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March is National Colorectal Cancer Awareness Month

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March is National Colorectal Cancer Awareness Month

Held every March, National Colorectal Cancer Awareness Month provides a good opportunity to share important information about a common and potentially deadly form of cancer.

Colorectal cancer is a type of cancer that affects the colon and rectum. It is the third most common type of cancer in both men and women in the United States, according to the Centers for Disease Control and Prevention (CDC). Not counting skin cancer, colorectal cancer is also the third leading cause of cancer-related deaths in the nation.

Cancer screening helps doctors detect cancer in its earliest stages, when it is most responsive to treatment. Like other cancers, colorectal cancer starts as a few abnormal cells in lining of the colon, also known as the large intestine. As it progresses, the colorectal cancer cells begin to spread to the outer layers of the large intestine. In the later stages, the colorectal cancer cells spread to lymph nodes and other areas of the body. Because late-stage cancer can affect many parts of the body, it is usually harder to treat.

Colorectal cancer screening often focuses on polyps, which are small clumps of cells that form on the colon's inner lining. While most polyps are harmless, some can develop into cancer over time.

The risk of colorectal cancer increases with age, so the American Cancer Society (ACS) recommends that people at average risk should begin regular screening at age 45 and that people who are in good health and expected to live another 10 years continue with screening until they are 75. The frequency of testing depends largely on the type of test.

Those with a higher risk may need screening more frequently. People are at higher risk if they have family history or personal history of certain types of polyps or colorectal cancer, have had Crohn's disease or ulcerative colitis, a history of radiation to the belly or pelvis to treat cancer in the past, or a family history of certain hereditary syndromes.

National Colorectal Cancer Awareness month is an excellent time to learn about the various colorectal cancer screening tests now available. Some tests, such as occult blood and fecal immunochemical-based (FIT), look for hidden blood in the stool that can be a sign of cancer. Sigmoidoscopy and colonoscopy are minimally invasive procedures in which doctors use a flexible scope to examine the colon and rectum. Barium enemas involve injecting a special liquid into the rectum, where it coats the inside of the colon to make the large intestine – and any cancer or polyps – easier to see on an x-ray.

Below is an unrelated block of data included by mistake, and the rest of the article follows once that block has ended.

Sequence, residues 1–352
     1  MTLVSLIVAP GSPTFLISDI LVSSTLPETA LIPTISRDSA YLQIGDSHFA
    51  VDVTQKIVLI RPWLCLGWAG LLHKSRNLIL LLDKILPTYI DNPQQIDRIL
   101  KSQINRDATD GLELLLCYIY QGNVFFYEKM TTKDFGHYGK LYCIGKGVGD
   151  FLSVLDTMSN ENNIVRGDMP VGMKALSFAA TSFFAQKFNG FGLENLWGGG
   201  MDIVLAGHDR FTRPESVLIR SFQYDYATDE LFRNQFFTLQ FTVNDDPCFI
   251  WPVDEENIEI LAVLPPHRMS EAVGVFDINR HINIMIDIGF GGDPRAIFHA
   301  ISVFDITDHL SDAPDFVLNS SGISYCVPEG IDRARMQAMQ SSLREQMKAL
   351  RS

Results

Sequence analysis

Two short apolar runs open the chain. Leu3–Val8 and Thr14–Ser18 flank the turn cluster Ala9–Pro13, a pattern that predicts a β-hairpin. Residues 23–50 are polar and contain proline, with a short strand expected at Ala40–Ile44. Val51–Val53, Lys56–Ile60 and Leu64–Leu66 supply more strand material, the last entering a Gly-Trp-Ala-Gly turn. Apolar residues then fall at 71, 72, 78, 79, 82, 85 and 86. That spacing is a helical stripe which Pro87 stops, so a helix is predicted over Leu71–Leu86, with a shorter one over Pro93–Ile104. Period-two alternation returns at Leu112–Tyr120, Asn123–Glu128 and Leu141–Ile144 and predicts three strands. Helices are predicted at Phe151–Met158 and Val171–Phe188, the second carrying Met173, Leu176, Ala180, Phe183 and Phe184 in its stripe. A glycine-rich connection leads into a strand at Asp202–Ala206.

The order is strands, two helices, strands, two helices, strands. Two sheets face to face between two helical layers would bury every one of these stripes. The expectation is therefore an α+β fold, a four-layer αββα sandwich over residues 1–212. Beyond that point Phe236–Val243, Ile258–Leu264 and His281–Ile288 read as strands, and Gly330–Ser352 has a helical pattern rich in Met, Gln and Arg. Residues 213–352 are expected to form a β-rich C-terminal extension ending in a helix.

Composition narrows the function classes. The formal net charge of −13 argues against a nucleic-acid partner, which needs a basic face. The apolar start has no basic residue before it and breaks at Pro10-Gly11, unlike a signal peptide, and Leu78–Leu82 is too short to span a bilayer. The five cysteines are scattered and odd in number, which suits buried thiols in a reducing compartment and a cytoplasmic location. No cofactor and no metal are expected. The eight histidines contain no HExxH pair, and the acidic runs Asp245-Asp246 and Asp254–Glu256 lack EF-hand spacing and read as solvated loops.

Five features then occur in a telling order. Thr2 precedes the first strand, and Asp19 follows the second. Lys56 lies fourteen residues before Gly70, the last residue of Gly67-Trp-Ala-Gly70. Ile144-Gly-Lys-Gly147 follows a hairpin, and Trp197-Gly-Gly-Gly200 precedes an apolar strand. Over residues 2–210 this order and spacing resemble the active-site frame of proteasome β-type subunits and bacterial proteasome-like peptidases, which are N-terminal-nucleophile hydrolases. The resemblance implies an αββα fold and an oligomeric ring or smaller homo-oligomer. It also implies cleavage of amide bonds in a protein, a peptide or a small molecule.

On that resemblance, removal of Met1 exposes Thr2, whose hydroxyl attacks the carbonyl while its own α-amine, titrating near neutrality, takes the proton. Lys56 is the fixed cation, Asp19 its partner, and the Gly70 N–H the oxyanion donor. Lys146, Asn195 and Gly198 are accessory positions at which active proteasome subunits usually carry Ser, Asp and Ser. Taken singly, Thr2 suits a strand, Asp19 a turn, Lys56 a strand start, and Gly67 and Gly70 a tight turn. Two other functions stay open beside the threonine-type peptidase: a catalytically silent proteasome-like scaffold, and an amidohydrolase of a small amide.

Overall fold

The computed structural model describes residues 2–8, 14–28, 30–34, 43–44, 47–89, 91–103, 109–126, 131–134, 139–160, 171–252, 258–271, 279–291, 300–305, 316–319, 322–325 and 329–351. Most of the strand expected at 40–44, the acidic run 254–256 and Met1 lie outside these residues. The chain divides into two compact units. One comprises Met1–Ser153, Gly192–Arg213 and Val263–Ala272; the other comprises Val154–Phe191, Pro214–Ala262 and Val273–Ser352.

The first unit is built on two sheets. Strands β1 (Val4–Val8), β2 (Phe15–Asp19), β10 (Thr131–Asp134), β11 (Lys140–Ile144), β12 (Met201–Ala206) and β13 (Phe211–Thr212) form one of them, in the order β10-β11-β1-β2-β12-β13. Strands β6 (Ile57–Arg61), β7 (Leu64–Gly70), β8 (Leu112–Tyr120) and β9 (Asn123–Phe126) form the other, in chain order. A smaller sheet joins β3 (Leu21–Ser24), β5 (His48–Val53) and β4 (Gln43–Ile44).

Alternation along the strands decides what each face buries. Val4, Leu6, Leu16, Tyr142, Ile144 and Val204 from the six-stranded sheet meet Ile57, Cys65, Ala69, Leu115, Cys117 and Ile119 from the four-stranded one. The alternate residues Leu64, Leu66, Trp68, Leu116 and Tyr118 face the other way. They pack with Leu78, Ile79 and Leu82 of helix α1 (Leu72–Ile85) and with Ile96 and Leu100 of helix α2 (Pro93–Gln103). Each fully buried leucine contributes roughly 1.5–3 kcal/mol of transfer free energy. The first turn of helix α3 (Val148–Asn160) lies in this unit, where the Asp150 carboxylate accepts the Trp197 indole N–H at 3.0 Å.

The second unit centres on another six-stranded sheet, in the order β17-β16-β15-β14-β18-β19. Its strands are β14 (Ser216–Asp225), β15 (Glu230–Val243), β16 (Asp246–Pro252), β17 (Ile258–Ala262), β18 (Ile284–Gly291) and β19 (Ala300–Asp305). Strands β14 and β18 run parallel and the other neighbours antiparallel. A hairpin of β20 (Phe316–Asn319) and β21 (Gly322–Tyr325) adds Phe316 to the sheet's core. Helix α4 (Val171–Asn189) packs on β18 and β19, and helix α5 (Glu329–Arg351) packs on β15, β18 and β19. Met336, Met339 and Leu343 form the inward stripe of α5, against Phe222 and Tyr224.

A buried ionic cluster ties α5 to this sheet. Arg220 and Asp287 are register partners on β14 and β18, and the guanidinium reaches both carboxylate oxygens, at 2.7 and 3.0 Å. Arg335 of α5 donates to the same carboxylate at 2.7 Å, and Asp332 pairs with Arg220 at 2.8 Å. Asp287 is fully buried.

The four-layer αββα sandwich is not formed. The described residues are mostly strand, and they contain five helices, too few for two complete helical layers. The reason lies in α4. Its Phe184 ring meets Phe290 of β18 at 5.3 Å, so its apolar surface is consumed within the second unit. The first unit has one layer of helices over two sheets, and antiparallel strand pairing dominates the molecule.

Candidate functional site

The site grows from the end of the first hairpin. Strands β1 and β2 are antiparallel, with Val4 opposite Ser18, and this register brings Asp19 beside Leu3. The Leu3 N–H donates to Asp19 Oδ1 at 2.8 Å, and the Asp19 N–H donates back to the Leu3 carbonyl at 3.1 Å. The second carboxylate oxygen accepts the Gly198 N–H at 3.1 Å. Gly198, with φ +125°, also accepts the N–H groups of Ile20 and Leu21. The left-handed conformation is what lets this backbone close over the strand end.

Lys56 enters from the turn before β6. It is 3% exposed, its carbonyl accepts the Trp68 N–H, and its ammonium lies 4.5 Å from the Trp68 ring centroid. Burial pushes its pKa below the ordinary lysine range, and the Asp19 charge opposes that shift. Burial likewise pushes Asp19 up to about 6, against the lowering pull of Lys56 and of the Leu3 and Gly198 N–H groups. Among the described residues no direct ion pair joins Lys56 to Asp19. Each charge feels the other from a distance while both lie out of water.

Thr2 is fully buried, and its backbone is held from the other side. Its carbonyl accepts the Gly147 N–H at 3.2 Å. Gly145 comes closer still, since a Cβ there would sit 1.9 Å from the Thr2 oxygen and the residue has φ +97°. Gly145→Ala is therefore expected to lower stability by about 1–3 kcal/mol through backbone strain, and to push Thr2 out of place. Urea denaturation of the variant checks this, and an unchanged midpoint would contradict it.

History of National Colorectal Cancer Awareness Month

The Prevent Cancer Foundation paved the way to designate March as National Colorectal Cancer Awareness Month. The foundation worked with legislators and other organizations the American Digestive Health Foundation and the National Colorectal Cancer Roundtable, to make the designation official. The U.S. Senate declared March as National Colorectal Cancer Awareness Month on November 19, 1999. The House of Representatives followed with a resolution shortly thereafter; the White House mad an official proclamation.

To raise awareness in the early days, the Foundation created "buddy bracelets" with the words, "Preventable. Treatable. Beatable!" printed upon them. Today, there are countless ways to raise awareness about colorectal cancer.

National Colorectal Cancer Awareness Month Now

Today, there are many more ways to bring awareness to colorectal cancer, and many more organizations doing that. Their efforts are paying off: the percentage of American adults ages 50 to 75 were up to date with their colorectal cancer screenings in 2018, which was up 1.4 percentage points from 2016. This works out to about 3.5 million more adults undergoing screening for colorectal cancer.

During March, the Colorectal Cancer Alliance (CCA) is trying to get 10,000 people to sign a pledge to undergo colorectal screening this year. Once they take the pledge, signers can access resources and reminders to undergo screening for colorectal cancer. CCA offers brochures to help spread the word about colorectal cancer awareness throughout the community. The alliance also offers ways for the public to get involved by sharing videos and graphics about National Colorectal Awareness Month online. Healthcare professionals and others can wear blue on March 5, 2021, also known as Dress in Blue Day.

The American Society of Colon and Rectal Surgeons (ASCRS) helps doctors spread the word about colorectal cancer by offering videos, brochures, and more on their website. ASCRS also offers suggestions to doctors, such as hosting open houses and educational seminars.

For more information on colorectal cancer or National Colorectal Cancer Awareness Month, speak to your doctor, gastroenterologist, or other healthcare professional. Spreading the word about this important event could save lives in your own community.

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